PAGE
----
I’m just going to start with this — I don’t think I understood this book. I don’t think anyone in my book club (for which I read this book) understood this book. I made this discovery at the book club meeting, during which we found some discussion questions including (to paraphrase) “How did Didion use humor in this book?” and “What parts of this book were exhilarating?”
We couldn’t come up with humor. We couldn’t come up with exhilaration. We came up with introspection, detachment, plodding…
Which is not to say that I disliked this book. I didn’t like it, perhaps, but I found it very intriguing, which is more than I can say for some of my fellow readers!
The Year of Magical Thinking is Didion’s memoir about the death of her husband, which happens suddenly if not unexpectedly at the dinner table, and how she makes it through the first year after his death. This is not easy after forty years of marriage and the rocky previous year in their relationship, and it is especially difficult because Didion’s daughter is, from five days before the death to the end of Didion’s narration, in and out of the hospital herself with mystery ailments that don’t bode well for her.
I did not find it an exhilarating book; in fact, Didion seems to go out of her way to make everything very rational and straightforward, even the things that aren’t naturally so, and provide a sort of road map to life as a widow. She speaks of being called a “cool customer” by her social worker, of saving her husband’s shoes just in case he comes back, of dealing with the panic that is set off by the most innocuous of memories. I haven’t lost a spouse of forty years, but I have lost some loved ones in my time, and I can see a lot of Didion’s reactions in my own, if scaled down.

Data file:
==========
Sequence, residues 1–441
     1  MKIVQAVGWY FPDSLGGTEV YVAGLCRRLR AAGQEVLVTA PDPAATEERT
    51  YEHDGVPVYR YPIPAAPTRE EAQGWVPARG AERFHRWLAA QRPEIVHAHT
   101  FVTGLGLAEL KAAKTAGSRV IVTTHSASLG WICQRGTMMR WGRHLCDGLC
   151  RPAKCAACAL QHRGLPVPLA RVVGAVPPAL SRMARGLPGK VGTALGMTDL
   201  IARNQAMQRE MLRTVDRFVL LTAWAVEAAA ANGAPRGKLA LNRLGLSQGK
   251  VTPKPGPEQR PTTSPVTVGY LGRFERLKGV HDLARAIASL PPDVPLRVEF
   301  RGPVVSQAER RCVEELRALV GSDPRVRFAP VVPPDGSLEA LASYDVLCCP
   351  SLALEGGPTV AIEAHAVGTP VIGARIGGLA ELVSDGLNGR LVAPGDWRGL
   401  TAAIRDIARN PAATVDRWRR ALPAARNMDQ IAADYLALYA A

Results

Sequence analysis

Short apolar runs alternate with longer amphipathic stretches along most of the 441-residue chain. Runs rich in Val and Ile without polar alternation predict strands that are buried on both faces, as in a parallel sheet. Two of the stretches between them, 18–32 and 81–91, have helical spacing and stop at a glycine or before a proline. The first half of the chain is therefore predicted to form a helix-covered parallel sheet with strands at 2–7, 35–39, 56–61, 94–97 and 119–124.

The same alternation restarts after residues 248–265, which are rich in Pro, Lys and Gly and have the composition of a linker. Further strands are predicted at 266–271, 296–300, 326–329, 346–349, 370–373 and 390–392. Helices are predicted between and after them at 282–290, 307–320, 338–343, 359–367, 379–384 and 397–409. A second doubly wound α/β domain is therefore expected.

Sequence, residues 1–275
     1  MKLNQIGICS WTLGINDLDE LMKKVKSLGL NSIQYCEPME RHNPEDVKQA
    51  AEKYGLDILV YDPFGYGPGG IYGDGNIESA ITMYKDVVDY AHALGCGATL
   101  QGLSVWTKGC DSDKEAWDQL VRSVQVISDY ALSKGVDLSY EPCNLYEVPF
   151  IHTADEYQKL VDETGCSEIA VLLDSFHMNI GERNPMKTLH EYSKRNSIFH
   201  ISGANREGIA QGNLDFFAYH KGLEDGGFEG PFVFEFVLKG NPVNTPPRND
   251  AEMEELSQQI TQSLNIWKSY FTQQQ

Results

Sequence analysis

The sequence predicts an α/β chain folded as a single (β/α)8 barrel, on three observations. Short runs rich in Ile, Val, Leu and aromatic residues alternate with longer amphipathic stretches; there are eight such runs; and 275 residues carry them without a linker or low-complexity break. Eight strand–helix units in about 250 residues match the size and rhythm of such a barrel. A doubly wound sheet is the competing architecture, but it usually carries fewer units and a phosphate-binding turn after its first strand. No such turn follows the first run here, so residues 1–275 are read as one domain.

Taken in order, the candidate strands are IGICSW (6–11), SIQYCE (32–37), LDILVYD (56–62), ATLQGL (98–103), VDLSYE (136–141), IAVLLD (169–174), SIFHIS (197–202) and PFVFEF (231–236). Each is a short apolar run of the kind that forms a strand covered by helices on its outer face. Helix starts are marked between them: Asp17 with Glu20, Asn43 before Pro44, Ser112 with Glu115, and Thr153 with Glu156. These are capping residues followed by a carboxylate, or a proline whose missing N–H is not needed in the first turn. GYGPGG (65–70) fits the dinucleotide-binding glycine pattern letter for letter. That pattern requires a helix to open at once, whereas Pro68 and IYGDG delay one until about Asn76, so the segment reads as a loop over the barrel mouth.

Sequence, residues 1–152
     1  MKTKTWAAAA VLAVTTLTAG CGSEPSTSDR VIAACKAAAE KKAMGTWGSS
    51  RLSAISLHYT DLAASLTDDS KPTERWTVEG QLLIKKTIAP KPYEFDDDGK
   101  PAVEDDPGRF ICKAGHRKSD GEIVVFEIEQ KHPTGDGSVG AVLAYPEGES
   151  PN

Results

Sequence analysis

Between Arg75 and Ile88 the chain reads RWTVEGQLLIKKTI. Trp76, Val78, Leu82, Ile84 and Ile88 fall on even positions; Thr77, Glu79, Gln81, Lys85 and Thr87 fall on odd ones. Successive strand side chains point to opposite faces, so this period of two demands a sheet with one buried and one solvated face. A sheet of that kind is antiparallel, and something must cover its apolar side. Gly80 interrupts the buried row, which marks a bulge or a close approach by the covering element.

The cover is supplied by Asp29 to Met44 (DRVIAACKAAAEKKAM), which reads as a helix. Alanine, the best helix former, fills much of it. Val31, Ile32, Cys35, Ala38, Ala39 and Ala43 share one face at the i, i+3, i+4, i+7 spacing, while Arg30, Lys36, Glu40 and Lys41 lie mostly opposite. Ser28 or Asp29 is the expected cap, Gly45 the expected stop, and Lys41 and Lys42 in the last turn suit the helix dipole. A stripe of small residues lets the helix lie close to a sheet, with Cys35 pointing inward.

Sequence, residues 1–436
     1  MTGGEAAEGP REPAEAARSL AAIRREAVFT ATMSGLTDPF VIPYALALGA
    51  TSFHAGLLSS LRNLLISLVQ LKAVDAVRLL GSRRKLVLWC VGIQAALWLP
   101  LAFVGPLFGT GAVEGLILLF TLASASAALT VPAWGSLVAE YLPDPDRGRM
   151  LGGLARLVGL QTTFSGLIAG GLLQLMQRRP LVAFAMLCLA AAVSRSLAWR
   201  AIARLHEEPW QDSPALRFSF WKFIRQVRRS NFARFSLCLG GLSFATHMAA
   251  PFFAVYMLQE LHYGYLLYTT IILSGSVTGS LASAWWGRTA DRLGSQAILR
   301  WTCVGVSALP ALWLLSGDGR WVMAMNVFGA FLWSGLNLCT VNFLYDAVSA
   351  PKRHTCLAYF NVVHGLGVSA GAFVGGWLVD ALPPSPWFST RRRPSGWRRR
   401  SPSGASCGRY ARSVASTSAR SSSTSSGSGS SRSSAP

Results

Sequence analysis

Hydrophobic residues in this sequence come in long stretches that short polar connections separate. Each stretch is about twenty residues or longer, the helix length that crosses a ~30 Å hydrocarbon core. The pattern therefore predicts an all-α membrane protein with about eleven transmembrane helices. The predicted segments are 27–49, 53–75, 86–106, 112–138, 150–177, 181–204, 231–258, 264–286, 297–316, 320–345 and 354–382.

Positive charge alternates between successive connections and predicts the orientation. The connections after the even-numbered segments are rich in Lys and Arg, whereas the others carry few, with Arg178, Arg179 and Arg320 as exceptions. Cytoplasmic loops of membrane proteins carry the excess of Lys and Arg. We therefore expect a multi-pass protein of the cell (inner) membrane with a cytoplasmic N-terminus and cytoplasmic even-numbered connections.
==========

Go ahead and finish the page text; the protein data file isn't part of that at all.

I can only think that I would have understood and appreciated it better if I actually knew who Didion was outside of the scope of this book, and knew the context of her life in which to place all of these events. I felt absolutely lost when Didion would mention friends or locations that meant nothing to me, or when she referenced previous novels by her or her husband. I knew there must be a connection to be made, but I had no idea what it was or how to make it.
So on the whole, I found this book fairly depressing and a bit under-explained in places (and over-explained in others), but I did find it an interesting read for the simple honesty of it all.
Recommendation: I really don’t know who this was written for. I’m going to say that if you know Didion or have gone through similar troubles, you might be interested. But I’m not sure.
(A to Z Challenge)